Mihir Ganatra firmly held his beer mug and tapped his foot in resilience to a live band playing at the Leopold Café in Colaba on Friday night.
Thirteen years ago the 29-year-old event manager had his first drink at the restrobar. On Friday, he was back at the café to express solidarity and pay homage to memory of 11 people who died when two terrorists sprayed the café with bullets on November 26, 2008.
“The nostalgia is obvious,” Ganatra said. His latest post on Facebook read, “Mr Terrorist, if you visit Leopold Café today, the beer bong will hit you harder.”
Around 7:30 pm the café staff barely had any space to move between the tables as young people of different nationalities thronged the venue that has become an iconic post of the city’s bloodiest terror strike.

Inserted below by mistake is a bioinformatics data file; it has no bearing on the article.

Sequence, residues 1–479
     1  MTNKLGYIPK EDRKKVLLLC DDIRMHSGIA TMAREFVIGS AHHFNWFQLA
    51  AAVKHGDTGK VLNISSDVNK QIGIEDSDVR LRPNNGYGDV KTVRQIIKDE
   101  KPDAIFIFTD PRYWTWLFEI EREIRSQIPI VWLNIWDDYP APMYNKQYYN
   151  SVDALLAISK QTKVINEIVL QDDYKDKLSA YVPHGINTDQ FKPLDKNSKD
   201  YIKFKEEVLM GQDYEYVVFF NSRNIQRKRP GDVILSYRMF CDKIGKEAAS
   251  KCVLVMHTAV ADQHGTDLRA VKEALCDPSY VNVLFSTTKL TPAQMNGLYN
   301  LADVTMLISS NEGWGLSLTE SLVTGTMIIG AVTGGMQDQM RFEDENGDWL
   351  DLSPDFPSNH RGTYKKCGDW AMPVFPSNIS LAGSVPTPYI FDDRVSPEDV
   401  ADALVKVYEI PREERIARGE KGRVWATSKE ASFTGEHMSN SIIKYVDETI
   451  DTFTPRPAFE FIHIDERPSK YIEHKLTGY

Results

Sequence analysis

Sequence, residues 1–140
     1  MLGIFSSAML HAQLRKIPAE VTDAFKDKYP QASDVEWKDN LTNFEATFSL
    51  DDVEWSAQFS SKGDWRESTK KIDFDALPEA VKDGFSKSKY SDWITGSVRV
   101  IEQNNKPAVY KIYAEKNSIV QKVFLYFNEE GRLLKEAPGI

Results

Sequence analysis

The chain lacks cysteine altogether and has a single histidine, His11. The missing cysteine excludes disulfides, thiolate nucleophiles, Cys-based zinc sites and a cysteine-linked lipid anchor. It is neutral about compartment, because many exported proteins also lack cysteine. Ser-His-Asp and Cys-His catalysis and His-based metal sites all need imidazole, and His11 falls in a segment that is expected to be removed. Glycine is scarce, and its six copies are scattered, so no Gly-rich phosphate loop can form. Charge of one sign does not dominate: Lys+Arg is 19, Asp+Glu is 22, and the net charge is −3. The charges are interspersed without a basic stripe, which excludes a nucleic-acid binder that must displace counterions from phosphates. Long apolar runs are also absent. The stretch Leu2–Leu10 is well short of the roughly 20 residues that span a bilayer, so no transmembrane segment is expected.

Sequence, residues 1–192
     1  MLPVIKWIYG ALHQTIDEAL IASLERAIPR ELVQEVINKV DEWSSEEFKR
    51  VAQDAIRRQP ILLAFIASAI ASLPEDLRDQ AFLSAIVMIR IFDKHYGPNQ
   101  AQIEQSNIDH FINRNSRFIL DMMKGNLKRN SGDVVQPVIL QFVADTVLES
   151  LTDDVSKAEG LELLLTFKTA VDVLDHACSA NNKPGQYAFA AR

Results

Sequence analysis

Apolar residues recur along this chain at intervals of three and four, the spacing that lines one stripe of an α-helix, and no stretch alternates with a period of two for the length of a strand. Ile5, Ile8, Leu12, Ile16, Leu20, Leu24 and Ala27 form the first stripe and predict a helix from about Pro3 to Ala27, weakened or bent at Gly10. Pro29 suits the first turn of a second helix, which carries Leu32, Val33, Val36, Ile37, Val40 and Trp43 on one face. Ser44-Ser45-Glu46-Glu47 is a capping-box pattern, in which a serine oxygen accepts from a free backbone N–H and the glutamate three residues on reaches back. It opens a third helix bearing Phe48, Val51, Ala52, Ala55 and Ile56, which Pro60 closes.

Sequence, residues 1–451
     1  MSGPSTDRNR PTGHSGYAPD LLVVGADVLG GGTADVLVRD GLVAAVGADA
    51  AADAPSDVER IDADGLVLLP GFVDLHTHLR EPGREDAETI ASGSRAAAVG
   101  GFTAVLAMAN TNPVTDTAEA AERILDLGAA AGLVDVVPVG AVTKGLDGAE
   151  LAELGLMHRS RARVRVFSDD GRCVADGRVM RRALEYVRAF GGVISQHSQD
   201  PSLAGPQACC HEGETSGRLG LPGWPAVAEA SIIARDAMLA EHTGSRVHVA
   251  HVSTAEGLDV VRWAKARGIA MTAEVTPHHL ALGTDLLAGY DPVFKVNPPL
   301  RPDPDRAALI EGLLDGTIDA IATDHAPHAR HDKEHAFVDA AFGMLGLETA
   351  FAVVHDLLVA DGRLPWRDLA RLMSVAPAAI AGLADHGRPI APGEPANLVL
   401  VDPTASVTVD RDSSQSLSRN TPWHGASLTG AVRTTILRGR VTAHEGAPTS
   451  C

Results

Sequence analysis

The graffiti boards placed at the entrance had very little white space left. Visitors as well as passersby took some time off to scribble a few lines for those who failed to go back to their families on the same day two years ago. “I feel lucky to be here on such a historic day,” said Evan Betti, an Argentinean tourist who was passing by the café and knew little about the terror attacks. Betti and other visitors also lit candles at the entrance.
Several others stood outside the café straining to hear the live bands that played tributes to those who died and to the city that stood resilient after the attacks.
“I have seen Friday night crowds. But this is something else,” said a steward.
Visitors at the restaurant stood up and observed a minute’s silence for the victims earlier in the evening.